Page images

'Gainst my captivity.-Hail, brave friend! Say to the king thy knowledge of the broil 3) As thou didst leave it.


Doubtful it stood;

As two spent swimmers, that do cling together
And choke their art. The merciless Macdonwald-

Worthy to be a rebel, for, to that,

The multiplying villanies of nature
Do swarm upon him-from the western isles

Of kerns and gallowglasses is supplied ;(4)
And fortune, on his damnèd quarrel smiling,
Show'd like a rebel's whore: but all's too weak :(5)
For brave Macbeth, well he deserves that name,-
Disdaining fortune, with his brandish'd steel,
Which smok'd with bloody execution,

Like valour's minion,

Carv'd out his passage till he fac'd the slave;
And ne'er shook hands,(6) nor bade farewell to him,
Till he unseam'd him from the nave to the chaps,
And fix'd his head upon our battlements.

Dun. O valiant cousin! worthy gentleman!
Serg. As whence the sun gins his reflection
Shipwrecking storms and direful thunders break;(7)
So from that spring, whence comfort seem'd to come,
Discomfort swells. (8) Mark, king of Scotland, mark :
No sooner justice had, with valour arm'd,
Compell'd these skipping kerns to trust their heels,
But the Norweyan lord, surveying vantage,
With furbish'd arms and new supplies of men,
Began a fresh assault.

Dun. Dismay'd not this Our captains, Macbeth and Banquo ?(9) Serg.


As sparrows eagles, or the hare the lion.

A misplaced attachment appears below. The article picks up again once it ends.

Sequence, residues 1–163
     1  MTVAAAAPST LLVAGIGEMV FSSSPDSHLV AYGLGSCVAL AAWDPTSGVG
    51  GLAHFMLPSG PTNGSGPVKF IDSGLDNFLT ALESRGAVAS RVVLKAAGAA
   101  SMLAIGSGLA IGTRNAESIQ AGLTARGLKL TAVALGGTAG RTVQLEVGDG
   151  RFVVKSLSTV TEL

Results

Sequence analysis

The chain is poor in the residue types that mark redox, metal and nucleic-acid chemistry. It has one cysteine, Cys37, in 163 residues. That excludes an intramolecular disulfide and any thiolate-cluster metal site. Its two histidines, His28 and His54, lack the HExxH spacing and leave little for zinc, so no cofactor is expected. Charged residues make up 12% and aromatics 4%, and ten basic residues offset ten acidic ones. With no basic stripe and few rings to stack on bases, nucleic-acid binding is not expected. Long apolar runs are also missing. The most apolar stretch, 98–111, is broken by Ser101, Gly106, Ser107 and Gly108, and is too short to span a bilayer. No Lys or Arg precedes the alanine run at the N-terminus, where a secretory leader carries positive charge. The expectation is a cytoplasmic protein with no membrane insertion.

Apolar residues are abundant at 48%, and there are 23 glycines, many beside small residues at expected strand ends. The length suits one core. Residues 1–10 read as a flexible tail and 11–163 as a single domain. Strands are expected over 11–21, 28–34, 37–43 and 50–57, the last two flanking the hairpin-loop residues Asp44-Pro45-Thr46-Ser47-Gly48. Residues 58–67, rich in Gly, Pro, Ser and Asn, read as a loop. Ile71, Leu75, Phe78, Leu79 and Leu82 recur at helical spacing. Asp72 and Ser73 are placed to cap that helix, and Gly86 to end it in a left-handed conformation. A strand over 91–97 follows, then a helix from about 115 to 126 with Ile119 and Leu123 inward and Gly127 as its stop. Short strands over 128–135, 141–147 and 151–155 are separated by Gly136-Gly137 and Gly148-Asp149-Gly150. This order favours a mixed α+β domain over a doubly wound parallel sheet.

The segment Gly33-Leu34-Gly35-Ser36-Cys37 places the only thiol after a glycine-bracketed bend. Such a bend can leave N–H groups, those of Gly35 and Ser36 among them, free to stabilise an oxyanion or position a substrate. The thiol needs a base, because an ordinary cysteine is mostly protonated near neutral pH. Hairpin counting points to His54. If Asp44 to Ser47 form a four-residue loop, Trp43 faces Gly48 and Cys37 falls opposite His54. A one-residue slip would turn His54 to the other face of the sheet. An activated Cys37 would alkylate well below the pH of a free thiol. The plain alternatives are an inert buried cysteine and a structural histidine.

If I say sooth, I must report they were
As cannons overcharg'd with double cracks;
So they

Doubly (10) redoubled strokes upon the foe:
Except they meant to bathe in reeking wounds,
Or memorize another Golgotha,

I cannot tell :-
But I am faint, my gashes cry for help.

Dun. So well thy words become thee as thy wounds;
They smack of honour both.-Go get him surgeons.

[Exit Sergeant, attended. Who comes here? Mal.

The worthy thane of Ross.
Len. What haste looks through his eyes !(11) So should

he look
That seems to speak things strange. (12)

Enter Ross.(13)

God save the king !
Dun. Whence cam’st thou, worthy thane?

From Fife, great king;
Where the Norweyan banners flout the sky
And fan our people cold. Norway himself,
With terrible numbers,
Assisted by that most disloyal traitor
The thane of Cawdor, began(14) a dismal conflict;
Till that Bellona's bridegroom, lapp'd in proof,
Confronted him with self-comparisons,
Point against point rebellious, arm 'gainst arm,
Curbing his lavish spirit : and, to conclude,
The victory fell on us.

Great happiness !
Ross. That now
Sweno, the Norways' king, craves composition;
Nor would we deign him burial of his men
Till he disbursèd, at Saint Colme's-inch,
Ten thousand dollars to our general use.

Dun. No more that thane of Cawdor shall deceive
Our bosom interest :-go pronounce his present death,
And with his former title greet Macbeth.

Ross. I'll see it done.
Dun. What he hath lost noble Macbeth hath won.


SCENE III. A heath.

Thunder. Enter the three Witches.
First Witch. Where hast thou been, sister?
Sec. Witch. Killing swine.
Third Witch. Sister, where thou?

First Witch. A sailor's wife had chestnuts in her lap,
And mounch’d, and mounch’d, and mounch'd :-"Give me,”

quoth I:
« Aroint thee, witch !" the ruinp-fed ronyon cries.
Her husband's to Aleppo gone, master o' the Tiger :
But in a sieve I'll thither sail,
And, like a rat without a tail,
I'll do, I'll do, and I'll do.

Sec. Witch. I'll give thee a wind.
First Witch. Thou art kind.
Third Witch. And I another.

First Witch. I myself have all the other ;
And the very ports they blow,
All the quarters that they know
I'the shipman's card. (15)
I will drain him dry as hay:
Sleep shall neither night nor day
Hang upon his pent-house lid;